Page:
Following Investigation, Hundreds of Fishermen Are Rescued From Slavery on Indonesian Island

The illegal fishing operation was linked to supply chains that included a number of major American markets
Thai Ministry Closes 12 Illegal Seafood Factories in Effort to Clean Up Corrupt Fishing Industry

Photo Modified: Flickr/Paul_the_Seeker/CC BY 2.0

The supply caught by the captive fishermen was introduced to the global market once it reached Thailand.

Hundreds of Burmese fishermen are in the process of being rescued from indefinite captivity on an isolated island in Indonesia after their situation was brought to light by a yearlong investigation by The Associated Press.

The initial probe found that hundreds of men from Myanmar, also known as Burma, and other nearby regions were stranded on the island village Benjina, the base of operations for a massive illegal fishing operation where captives worked 20- to 22-hour days for little or no pay.

Many were fishermen who had been promised jobs in Thailand, but were instead sent to the island to work for Thai boat captains who were responsible for keeping the men under control. Their daily catch was then sent to Thailand, where it was delivered to global markets, including several major U.S. supermarkets and retailers.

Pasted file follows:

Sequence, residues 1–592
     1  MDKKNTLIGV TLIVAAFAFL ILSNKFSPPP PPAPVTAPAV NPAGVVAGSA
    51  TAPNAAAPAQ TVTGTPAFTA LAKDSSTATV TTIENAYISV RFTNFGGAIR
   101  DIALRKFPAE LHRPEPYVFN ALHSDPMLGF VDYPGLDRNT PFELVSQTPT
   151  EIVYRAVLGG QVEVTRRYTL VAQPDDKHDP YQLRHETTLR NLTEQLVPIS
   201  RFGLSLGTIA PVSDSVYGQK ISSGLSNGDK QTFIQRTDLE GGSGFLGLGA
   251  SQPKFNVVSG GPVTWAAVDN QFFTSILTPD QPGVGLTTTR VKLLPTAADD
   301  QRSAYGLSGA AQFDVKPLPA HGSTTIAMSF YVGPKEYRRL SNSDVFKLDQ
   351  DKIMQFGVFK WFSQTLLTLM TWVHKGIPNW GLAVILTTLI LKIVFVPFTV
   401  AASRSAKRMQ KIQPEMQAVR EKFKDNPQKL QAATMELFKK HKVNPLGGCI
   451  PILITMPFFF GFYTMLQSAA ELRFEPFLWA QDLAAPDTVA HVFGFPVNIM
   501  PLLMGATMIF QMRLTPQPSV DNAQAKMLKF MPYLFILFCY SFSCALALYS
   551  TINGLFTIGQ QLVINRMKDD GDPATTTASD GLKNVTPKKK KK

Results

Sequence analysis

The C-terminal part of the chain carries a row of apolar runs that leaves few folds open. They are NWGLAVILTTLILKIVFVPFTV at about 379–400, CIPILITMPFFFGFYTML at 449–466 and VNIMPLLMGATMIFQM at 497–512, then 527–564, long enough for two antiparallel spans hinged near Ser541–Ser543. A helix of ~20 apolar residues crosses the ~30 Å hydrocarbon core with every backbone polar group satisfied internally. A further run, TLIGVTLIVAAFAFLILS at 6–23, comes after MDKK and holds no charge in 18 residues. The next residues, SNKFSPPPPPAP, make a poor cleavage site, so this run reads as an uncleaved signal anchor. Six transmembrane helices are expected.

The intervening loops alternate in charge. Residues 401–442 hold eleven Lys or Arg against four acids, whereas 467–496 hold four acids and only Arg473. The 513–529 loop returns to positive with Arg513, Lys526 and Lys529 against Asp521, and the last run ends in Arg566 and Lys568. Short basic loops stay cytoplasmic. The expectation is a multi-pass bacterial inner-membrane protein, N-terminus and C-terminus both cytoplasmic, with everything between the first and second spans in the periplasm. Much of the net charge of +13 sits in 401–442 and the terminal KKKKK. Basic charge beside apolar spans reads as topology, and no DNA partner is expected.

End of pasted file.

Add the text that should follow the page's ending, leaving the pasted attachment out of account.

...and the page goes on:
The fishermen reported mistreatment, saying, for example, that they were whipped with stingray tails and received electric shocks as punishment. During the investigation, eight fishermen were found locked in a “company cage,” the AP reports.

Some 300 men are currently in the process of returning home, mostly to Myanmar, from Benjina, with the help of the Indonesian government. Next week, Burmese officials will visit the islands to look for more men and help them get home.  According to the International Organization for Migration, thousands more men are estimated to held under similar conditions on islands surrounding Benjina.

Thus far, the Thai government has countered allegations from the AP, and described the fishing boats as having all Thai crews working under fair conditions. 

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